Original languageEnglish
Pages43-43
Number of pages1
Publication statusPublished - 3 Jan 2018
EventConference on Occupational Therapy Australia 2017: Partnership, Inclusion and Innovation - Perth, Australia
Duration: 19 Jul 201721 Jul 2017
Conference number: 27th

Conference

ConferenceConference on Occupational Therapy Australia 2017
CountryAustralia
CityPerth
Period19/07/1721/07/17

Cite this

@conference{834eb5b5db9745729de6dbcc19d169bf,
title = "The impact of undergraduate occupational therapy students’ interpersonal skills on their fieldwork education performance: A pilot study",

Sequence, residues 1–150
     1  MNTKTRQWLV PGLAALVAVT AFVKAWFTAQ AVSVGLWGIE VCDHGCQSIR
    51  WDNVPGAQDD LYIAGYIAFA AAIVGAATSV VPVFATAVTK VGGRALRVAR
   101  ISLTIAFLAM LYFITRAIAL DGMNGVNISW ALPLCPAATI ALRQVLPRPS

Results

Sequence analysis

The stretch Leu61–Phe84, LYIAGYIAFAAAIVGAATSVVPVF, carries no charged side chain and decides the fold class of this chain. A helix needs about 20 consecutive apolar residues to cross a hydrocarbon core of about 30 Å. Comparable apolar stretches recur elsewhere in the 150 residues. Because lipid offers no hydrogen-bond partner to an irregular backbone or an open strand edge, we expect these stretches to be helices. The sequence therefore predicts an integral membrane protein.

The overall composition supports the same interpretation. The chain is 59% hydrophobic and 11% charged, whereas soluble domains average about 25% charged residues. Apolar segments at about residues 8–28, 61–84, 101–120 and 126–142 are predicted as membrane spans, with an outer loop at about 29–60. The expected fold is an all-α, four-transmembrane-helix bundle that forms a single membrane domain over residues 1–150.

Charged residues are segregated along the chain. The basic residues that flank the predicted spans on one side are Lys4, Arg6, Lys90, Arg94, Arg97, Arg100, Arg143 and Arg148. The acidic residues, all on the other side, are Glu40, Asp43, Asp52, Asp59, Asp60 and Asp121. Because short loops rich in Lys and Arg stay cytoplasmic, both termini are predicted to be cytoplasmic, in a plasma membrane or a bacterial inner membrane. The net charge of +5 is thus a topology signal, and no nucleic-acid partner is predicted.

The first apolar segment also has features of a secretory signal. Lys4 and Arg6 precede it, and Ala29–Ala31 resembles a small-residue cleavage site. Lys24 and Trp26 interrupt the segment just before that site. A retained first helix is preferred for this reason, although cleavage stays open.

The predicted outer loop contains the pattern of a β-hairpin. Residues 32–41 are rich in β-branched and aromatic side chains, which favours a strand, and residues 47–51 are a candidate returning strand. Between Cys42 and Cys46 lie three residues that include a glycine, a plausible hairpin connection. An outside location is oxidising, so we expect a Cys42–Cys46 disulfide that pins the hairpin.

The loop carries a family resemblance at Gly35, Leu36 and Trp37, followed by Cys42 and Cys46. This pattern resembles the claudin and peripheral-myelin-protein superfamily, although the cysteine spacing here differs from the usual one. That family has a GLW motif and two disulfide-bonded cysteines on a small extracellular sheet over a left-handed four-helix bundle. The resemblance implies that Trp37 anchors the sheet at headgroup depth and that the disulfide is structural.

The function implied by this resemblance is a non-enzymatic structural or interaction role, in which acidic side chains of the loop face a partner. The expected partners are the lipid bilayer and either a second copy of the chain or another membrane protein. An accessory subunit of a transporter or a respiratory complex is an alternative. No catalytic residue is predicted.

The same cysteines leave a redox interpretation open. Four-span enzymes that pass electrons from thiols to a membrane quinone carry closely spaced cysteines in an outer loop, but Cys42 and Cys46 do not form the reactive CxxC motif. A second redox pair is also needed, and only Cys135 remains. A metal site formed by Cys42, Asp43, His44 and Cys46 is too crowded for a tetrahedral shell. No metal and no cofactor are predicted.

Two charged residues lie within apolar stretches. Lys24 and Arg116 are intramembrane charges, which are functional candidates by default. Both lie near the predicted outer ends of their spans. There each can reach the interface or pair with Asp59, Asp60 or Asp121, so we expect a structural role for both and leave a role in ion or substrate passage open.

abstract = "Introduction: Interpersonal skills such as active listening, verbal communication, and body language are essential competencies for occupational therapists. Occupational therapy students are expected to demonstrate these competencies when completing fieldwork placements. Objective: To investigate if interpersonal skills are predictive of occupational therapy students’ fieldwork performance. Method: A cross sectional study was conducted involving third and fourth year occupational therapy undergraduate students’ (n = 70). Students’ interpersonal skills were measured using the Listening Styles Profile (LSP-R), the Active-Empathic Listening Scale (AELS), and the Interpersonal Communication Competence Scale (ICCS). Students’ midway and final fieldwork placement performance was measured using the SPEF-R. The relationships between students’ interpersonal skills and their fieldwork performance were examined using univariate and multivariate regressions. Results: Students’ higher ICCS interaction management subscale scores were predictive of better self-management skills at midway through fieldwork placements (b= 1.93, SE=0.76). Higher ICCS interaction management subscale scores were also predictive of better professional behaviours (b= 1.28, SE=0.64) and better service evaluation skills (b= 2.84, SE=0.95) at the final SPEF-R completion. Higher ICCS empathy subscale scores predicted lower documentation SPEF-R scores at halfway (b= -0.81, SE=0.38), while higher ICCS supportiveness subscale scores predicted lower halfway service provision SPEF-R scores (b= - 2.84, SE=1.77). Subscale scores of LSP-R and AELS were not found predictive of SPEF-R scores. Conclusion: This preliminary evidence indicates that occupational therapy students’ interpersonal skills can predict some key SPEF-R competencies. These interpersonal skills should be incorporated into the curriculum of academic education programs to better prepare students embarking on fieldwork placements.",